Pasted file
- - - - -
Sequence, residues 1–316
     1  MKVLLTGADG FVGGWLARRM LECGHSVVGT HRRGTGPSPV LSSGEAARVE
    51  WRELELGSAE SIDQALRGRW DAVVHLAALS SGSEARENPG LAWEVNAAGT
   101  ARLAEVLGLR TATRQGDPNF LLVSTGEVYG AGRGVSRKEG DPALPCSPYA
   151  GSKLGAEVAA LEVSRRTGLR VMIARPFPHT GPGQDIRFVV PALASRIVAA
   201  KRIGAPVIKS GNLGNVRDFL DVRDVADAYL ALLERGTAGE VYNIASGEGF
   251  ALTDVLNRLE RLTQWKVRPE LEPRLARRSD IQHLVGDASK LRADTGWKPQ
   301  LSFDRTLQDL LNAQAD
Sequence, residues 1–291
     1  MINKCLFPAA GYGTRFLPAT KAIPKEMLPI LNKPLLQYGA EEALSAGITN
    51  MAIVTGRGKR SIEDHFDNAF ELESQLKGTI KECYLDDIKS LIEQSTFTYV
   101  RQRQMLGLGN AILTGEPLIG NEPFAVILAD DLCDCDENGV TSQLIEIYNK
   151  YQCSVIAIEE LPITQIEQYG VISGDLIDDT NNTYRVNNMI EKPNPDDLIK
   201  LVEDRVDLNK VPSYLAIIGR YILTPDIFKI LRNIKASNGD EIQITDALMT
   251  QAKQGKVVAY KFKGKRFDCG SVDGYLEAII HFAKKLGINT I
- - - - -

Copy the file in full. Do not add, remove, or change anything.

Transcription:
Sequence, residues 1–316
     1  MKVLLTGADG FVGGWLARRM LECGHSVVGT HRRGTGPSPV LSSGEAARVE
    51  WRELELGSAE SIDQALRGRW DAVVHLAALS SGSEARENPG LAWEVNAAGT
   101  ARLAEVLGLR TATRQGDPNF LLVSTGEVYG AGRGVSRKEG DPALPCSPYA
   151  GSKLGAEVAA LEVSRRTGLR VMIARPFPHT GPGQDIRFVV PALASRIVAA
   201  KRIGAPVIKS GNLGNVRDFL DVRDVADAYL ALLERGTAGE VYNIASGEGF
   251  ALTDVLNRLE RLTQWKVRPE LEPRLARRSD IQHLVGDASK LRADTGWKPQ
   301  LSFDRTLQDL LNAQAD
Sequence, residues 1–291
     1  MINKCLFPAA GYGTRFLPAT KAIPKEMLPI LNKPLLQYGA EEALSAGITN
    51  MAIVTGRGKR SIEDHFDNAF ELESQLKGTI KECYLDDIKS LIEQSTFTYV
   101  RQRQMLGLGN AILTGEPLIG NEPFAVILAD DLCDCDENGV TSQLIEIYNK
   151  YQCSVIAIEE LPITQIEQYG VISGDLIDDT NNTYRVNNMI EKPNPDDLIK
   201  LVEDRVDLNK VPSYLAIIGR YILTPDIFKI LRNIKASNGD EIQITDALMT
   251  QAKQGKVVAY KFKGKRFDCG SVDGYLEAII HFAKKLGINT I